After extended use in the outdoors, the pack also lost some of its waterproofness. That could have been due to the seamgrip sealer wearing out, but I doubt it. The PU inner coating is quite thin, and judging from appearances, I don't think it held up.
I am much more impressed by the 5 oz Xpac fabric (D-P VX07) available from Rockywoods, for it is much more waterproof and appears to be quite strong. It is 1 oz per sq. yd. heavier than the gridstop, so will add about an ounce to the pack over the spectra (the pack uses about one sq. yd. of outer fabric). But for me, the added ounce is well worth its weight.
When you consider a 2-3K cubic inch pack using about a sq. yd. of outer fabric, the difference in weight from 1.4 oz cuben or silnylon to 4.9 oz Xpac is only 3 1/2 ounces. For me, it is worth the extra 3 1/2 ounces, in an item that sees the most wear and tear of any I use, to have it much more durable and waterproof.
I looked at the around 3 oz cuben/nylon laminate from Zpacks, and don't like its stiffness. A pack with it would seem more like a pack basket to me.
Don't think you will be happy long term with .75 oz thin mylar cuben for a pack. It will be much more susceptible to abrasion, punctures and leakage than heavier materials, and will not hold stitches well. Suugest you read Joe Valesko's comments about this on his website, Zpacks. He is very honest about this, even though his products use this material, and he is talking about the heavier cuben with a thicker and therefore tougher and more water resistant mylar. If you are determined to use the light cuben, you should consider either bonding rather than sewing it, or bonding strips of nylon along the edges of the pattern pieces before sewing. I plan to do this with .75 oz cuben used in the end covers for a tent. Since the other tent materials are sil-coated, I will probably use GE silicone glue, but Hysol urethane glue would probably create a stronger bond where no sil-coated materials are involved.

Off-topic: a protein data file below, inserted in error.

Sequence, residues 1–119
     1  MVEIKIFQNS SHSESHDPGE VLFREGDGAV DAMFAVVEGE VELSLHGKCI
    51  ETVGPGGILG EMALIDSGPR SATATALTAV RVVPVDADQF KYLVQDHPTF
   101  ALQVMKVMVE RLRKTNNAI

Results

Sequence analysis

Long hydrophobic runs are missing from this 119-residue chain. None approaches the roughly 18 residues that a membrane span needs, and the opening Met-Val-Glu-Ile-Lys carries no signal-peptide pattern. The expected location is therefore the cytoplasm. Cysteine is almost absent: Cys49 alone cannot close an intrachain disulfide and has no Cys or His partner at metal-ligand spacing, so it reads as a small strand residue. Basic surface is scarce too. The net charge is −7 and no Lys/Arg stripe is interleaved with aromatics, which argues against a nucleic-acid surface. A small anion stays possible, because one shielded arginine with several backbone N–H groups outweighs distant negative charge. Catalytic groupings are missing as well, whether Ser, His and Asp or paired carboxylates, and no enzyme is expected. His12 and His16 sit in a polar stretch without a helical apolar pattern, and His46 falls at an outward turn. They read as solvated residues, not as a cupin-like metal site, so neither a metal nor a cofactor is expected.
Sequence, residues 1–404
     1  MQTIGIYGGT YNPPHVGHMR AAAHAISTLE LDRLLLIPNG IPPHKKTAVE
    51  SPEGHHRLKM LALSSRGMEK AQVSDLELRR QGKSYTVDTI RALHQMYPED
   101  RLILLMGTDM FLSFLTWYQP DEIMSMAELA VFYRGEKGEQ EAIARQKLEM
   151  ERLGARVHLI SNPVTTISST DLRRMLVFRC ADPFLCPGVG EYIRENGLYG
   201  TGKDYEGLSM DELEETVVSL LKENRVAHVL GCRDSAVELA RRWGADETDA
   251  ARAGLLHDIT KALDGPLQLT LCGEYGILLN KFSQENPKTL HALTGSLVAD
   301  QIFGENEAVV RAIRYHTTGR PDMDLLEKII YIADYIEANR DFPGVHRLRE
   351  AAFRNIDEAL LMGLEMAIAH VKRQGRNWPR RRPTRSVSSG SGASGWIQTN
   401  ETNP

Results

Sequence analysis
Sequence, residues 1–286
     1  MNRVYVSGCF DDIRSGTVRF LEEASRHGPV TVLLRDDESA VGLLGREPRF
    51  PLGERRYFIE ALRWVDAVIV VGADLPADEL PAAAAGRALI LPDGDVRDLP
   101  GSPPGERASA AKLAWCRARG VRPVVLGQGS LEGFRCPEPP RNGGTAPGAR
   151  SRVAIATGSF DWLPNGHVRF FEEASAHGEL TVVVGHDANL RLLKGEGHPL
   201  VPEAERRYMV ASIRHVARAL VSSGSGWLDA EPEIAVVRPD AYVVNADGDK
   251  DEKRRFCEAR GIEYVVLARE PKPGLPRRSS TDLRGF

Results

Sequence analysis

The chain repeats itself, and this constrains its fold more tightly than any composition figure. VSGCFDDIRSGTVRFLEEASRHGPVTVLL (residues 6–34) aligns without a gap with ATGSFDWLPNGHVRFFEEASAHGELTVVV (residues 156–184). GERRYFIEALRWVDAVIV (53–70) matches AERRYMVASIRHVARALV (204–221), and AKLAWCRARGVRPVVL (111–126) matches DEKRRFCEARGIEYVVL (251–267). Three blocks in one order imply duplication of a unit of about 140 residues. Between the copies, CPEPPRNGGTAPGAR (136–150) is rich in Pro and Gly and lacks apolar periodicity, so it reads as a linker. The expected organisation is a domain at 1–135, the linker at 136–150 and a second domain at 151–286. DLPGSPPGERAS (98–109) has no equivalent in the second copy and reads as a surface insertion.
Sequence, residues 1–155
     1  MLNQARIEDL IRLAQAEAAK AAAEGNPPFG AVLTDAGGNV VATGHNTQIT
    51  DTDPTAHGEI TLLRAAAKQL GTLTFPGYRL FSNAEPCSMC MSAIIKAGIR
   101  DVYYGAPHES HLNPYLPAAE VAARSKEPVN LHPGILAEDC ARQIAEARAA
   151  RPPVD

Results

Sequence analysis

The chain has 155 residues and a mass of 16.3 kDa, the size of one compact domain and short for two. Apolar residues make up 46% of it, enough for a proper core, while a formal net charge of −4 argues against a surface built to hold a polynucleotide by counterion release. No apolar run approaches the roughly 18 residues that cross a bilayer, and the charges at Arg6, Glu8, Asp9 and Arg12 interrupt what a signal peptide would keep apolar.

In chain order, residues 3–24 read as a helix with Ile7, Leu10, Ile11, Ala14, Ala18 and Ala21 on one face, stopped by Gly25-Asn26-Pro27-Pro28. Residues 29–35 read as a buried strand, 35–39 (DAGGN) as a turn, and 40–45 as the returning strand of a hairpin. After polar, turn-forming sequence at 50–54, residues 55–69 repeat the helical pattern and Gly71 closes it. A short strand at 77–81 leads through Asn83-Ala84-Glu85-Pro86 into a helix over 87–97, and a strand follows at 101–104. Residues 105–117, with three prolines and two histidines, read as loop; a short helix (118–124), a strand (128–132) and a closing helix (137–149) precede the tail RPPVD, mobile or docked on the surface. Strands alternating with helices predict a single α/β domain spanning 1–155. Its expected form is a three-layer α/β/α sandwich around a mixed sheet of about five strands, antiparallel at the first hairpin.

Good luck, and please post when you've completed the pack, and again after you've used it a while. Thanks.Jan 6, 2012 at 8:28 am #1820737
@socal-nomadLocale: North San Diego county
White widow is 500D dyeenma cordura it manufactured by warwick mills. The white widow fabric name used to be used by other fabric stores like OWF for awhile.Jan 6, 2012 at 1:28 pm #1820907
Thanks Sam. That was a very informative post. It made me think a lot about fabric choices, weights and colors. i say colors because the .75oz Cuben is a bright yellow, and I had ordered all my notions in accordance with a black and yellow theme in mind. Im thinking i could make the entire pack body out of the Thru-Hiker Dyneema gridstop in black, and do the trim and things in the yellow i already have, as i cant find any other yellow fabrics! I think the cuben will be good for a summit/day pack for light use, but your absolutely right about the durability of the fabric itself. Again, thank you for your post. It took alot of time and thought and it was well recieved and appreciated!